by Kenray Sunyaru
From 1987 thru 2008, I was a volunteer teacher at the Michigan Department of Corrections. Over this 20-plus year period teaching fatherhood and male responsibility. Often some Black males attending my classes would comment to me that I could not relate to the stressors and challenges of them being incarcerated.
I would immediately respond to them by saying that I face more daily stressors than they did; that they did not have to worry about mortgages, rent, or utilities. They did not have to worry about foreclosures, evictions, or homelessness; they did not have to worry about food costs or going without eating, they did not have to worry about not being able to afford health care – because it is provided for them. They did not have to deal with the daily stress of women and children. While incarcerated they did not have to stress about child support payments.
Indeed, I would highlight to them that Black males not incarcerated faced much more stress than they did. Black men not in prison face daily ‘cost to live’ pressure; the stress of racism, job discrimination, high levels of unemployment, and poverty that drives many Black men into crime and prison. Though I’ve been saying for years that non-incarcerated Black men face more challenges and stress than Black men who are in prison, a recent study substantiates my claim.
According to a recent report by the University of North Carolina, authored by Dr. David Rosen; found that Black men live longer in prison than Black men who are not in prison. Indeed, the report reveals the survival rate of Black males is actually improved by prison. The report cites that Black men who are in prison are less likely to die of diabetes, alcohol and drug related causes, airway diseases, accidents, suicide, and murder – that Black men not in prison.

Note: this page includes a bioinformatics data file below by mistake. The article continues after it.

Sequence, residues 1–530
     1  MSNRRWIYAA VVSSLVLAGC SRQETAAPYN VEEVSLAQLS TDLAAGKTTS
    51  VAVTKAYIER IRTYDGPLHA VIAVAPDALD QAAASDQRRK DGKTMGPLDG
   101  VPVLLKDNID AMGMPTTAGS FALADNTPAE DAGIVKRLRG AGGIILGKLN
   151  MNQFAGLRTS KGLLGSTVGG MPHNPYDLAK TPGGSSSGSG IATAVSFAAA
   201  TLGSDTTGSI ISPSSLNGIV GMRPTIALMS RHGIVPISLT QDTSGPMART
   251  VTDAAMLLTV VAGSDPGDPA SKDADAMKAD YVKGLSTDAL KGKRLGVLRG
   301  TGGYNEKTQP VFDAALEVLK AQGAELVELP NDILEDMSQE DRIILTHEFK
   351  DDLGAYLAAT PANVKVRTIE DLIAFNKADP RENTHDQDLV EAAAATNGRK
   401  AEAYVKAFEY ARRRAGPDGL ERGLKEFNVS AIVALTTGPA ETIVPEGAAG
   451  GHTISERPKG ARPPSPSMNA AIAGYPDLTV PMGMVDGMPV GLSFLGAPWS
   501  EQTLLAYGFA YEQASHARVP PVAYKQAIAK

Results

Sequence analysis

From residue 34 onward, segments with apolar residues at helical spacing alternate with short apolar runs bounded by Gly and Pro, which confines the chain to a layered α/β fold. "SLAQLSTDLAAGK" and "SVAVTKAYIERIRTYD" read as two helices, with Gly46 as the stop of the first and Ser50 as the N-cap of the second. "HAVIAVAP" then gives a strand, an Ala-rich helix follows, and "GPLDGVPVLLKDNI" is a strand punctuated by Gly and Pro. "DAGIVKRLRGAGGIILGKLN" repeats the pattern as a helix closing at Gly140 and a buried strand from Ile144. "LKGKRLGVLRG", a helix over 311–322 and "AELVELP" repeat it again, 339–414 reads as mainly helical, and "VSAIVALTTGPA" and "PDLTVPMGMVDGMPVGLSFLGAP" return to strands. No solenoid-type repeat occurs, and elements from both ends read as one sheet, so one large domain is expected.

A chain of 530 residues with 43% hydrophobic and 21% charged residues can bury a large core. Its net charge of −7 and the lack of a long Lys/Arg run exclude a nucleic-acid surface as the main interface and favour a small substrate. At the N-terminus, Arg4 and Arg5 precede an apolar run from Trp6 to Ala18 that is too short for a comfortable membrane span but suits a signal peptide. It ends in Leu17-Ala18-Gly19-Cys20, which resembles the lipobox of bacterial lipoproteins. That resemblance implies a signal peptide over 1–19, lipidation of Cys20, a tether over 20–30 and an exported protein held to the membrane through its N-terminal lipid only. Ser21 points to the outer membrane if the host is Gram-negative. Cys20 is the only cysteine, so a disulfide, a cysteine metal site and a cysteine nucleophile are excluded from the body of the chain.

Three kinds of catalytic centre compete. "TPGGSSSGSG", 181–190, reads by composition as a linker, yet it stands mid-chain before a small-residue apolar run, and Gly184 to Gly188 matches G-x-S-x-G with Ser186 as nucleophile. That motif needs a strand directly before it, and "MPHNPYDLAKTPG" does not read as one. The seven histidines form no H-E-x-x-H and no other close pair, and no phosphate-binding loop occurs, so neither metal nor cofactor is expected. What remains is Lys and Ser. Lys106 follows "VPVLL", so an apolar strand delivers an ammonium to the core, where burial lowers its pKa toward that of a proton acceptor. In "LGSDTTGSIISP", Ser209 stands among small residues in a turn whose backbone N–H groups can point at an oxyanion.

One of the major findings of the report was health care, Black men in prison have health coverage while most Black men not in prison don’t have health coverage. Because of having no health care coverage, Black men outside of prison don’t seek it when they really need it; Black men outside of prison generally see a doctor in the emergency room when their health problems become acute.
From my perspective of why Black men in prison live longer than Black men outside of prison is they are healthier as they engage in much more daily physical activity, they run, walk, and exercise. Though Black men outside of prison are under much more psycho-socioeconomic stress; they rarely run, walk, or exercise – moreover they have poor diets, smoke, drink, and use drugs. It’s a shame that it takes imprisonment for Black men to take up healthy habits. Look at all the weight Kwame Kilpatrick ex mayor of Detroit has lost while he was in prison, he looks good – healthier!
The University of North Carolina report found that Black men are the only group in America that live longer in prison. For me the report’s findings are grim, but not surprising as I mentioned in the beginning of my speech. Not only does racism keep us broke, it causes Black men to be sick.
Regarding ‘sick finances’ and no jobs, Black men’s current unemployment rate is close to 20 percent. There are over 1.4 million Black men currently out of work nationally. Sadly, as more and more Black men are being incarcerated, they will live longer and receive health care. According to Ohio State law Professor Michelle Alexander: “There are more Black men now in prison or jail, on probation or parole, than were enslaved in 1850, before the Civil War began”.
To say Black men live longer and healthier in prison is ‘sick’ to say. Black men, we need a healing - internal reparation movement.